Nothing exists outside the Whole.
The Whole is the sum total of each existent, in all its spatial and temporal aspects, including all its self-governing laws.
The Whole is not an existent, but the entire field of existence itself, and as such can only be described as an existent provisionally.
One cannot inquire into universal existence as one might inquire into a delimited particular existent.
One may easily identify a particular apple and likewise identify all things particularly not-apple. Each existent is derived from the Whole itself. But the Whole encompasses every particular existent, and so there is no not-of-the-Whole from which one may differentiate or delimit.
In stating the principle, Nothing exists outside the Whole, this ‘nothing’ is not to be understood as a void that the Whole resides within. Rather, it indicates that the Whole does not possess any fixed boundary beyond which a differentiated not-of-the-Whole exists, or could possibly exist.
Unlike an existent, existence does not possess the attributes of ‘inside’ or ‘outside.’ The Whole, therefore, is all-inclusive: There is no existent that is not already ‘within’ and derived from the Whole (whether one is aware of or understands any particular existent or not).
The all-inclusiveness of the Whole renders the presence of a creator god a logical impossibility, since it too would be encompassed by the Whole, thus contradicting any definition of a creator god. For the same reason, any super-natural or meta-physical world cannot be posited as something ‘beyond’ the Whole.
Spatially, the Whole is necessarily self-sufficient, since there is nothing but the Whole—and so it cannot be contingent on anything not-of-the-Whole. Not-of-the-Whole necessarily does not exist and necessarily cannot exist.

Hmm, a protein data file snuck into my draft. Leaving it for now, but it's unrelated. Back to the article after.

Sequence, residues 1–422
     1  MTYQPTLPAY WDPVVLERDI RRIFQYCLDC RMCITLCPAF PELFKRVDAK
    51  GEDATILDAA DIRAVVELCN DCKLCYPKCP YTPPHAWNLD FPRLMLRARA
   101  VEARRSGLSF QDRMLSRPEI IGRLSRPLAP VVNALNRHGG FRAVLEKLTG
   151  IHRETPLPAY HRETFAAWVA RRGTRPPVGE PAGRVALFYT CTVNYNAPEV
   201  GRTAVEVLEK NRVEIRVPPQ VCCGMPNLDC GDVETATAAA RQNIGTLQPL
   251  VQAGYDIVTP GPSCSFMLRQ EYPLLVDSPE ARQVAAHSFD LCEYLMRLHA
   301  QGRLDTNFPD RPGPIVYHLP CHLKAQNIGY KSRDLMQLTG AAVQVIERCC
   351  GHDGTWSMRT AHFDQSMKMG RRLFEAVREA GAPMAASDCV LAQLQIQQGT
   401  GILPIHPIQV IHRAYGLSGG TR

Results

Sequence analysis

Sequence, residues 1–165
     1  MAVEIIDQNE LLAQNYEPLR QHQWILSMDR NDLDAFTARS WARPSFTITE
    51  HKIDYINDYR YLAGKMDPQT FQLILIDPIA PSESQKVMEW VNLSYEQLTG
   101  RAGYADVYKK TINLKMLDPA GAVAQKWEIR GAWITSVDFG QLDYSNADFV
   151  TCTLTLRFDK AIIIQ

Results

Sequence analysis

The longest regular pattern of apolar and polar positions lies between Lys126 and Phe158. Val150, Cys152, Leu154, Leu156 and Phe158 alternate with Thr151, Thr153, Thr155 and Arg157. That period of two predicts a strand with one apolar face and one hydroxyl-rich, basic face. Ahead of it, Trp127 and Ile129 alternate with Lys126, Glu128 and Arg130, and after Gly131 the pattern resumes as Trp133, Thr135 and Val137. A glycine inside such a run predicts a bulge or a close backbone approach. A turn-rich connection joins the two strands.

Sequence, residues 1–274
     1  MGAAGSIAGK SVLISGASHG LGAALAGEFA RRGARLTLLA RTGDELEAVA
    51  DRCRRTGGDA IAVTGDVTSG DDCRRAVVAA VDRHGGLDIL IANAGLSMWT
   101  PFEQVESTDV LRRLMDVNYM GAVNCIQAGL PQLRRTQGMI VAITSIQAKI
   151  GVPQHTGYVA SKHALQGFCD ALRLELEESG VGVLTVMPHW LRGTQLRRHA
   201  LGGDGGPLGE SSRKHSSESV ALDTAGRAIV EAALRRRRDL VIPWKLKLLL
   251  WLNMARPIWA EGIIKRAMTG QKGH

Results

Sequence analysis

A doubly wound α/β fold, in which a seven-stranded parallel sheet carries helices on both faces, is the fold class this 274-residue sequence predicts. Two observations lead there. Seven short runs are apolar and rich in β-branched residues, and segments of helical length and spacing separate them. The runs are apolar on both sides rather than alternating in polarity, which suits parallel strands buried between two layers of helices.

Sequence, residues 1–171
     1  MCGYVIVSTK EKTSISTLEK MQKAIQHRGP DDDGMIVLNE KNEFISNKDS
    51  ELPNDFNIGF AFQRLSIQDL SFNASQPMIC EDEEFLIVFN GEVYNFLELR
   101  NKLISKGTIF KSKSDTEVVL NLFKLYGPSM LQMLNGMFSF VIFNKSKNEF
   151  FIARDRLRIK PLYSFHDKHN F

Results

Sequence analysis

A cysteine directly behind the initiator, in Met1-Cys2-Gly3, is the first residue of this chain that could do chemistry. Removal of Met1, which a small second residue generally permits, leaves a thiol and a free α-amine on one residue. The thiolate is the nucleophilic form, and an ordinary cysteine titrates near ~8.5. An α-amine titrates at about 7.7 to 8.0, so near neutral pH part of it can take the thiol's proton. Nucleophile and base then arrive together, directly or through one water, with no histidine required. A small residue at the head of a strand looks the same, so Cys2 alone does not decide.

Temporally, the Whole as the Whole has neither precedent nor antecedent: The Whole never was, nor will be.
Causes may be identified (from of a complex causal web, not merely a sequential chain), found in fluctuating events occurring within the Whole. But as for the Whole itself, it cannot be derived causally from any presumed not-of-the-Whole. The Whole irreducibly Is.
Because of this ontological irreducibility, discursive language and thought is inadequate to posit the Whole in any absolute sense.
A direct, discursive understanding of the Whole is impossible because a discursive approach requires reification—that is, the ability to differentiate between one existent and another.
Discursive understanding is adept at distinguishing the individual existent as well as the rational relationship between one existent and another. But on a deeper, more fundamental level, such a mode of inquiry is ontologically inappropriate.
However, this does not mean that discursive reason has no place in ontological inquiry, but rather that its role is a negative one. In such an inquiry, language is employed not to assert positive statements regarding the Whole. Rather, it is through the negation of attributes appropriate only to the existent that the transparency of the Whole may be real-ised.
In such an inquiry, one may only provisionally posit the attributes commonly ascribed to the existent, such as ‘inside’ and ‘outside’ (spatially or temporally). It is especially this inappropriate use of prepositions (spatial and temporal metaphors) that lead to confusion regarding the relationship between the existent and existence.
Provisional assertions should be entertained only in order to test and discover for oneself that such characteristics do not and cannot be attributed to the Whole. By doing so, one may recognise that treating existence ultimately the same way as an existent is nonsensical.
It is from this inability to distinguish between existent and existence that certain misleading metaphysical assumptions about the self and the world enter one’s thinking.
In the inquiry of the Whole, such ontological assumptions are to be examined, challenged and deconstructed, with the constructive aim of real-ising of the Whole not merely conceptually, but existentially.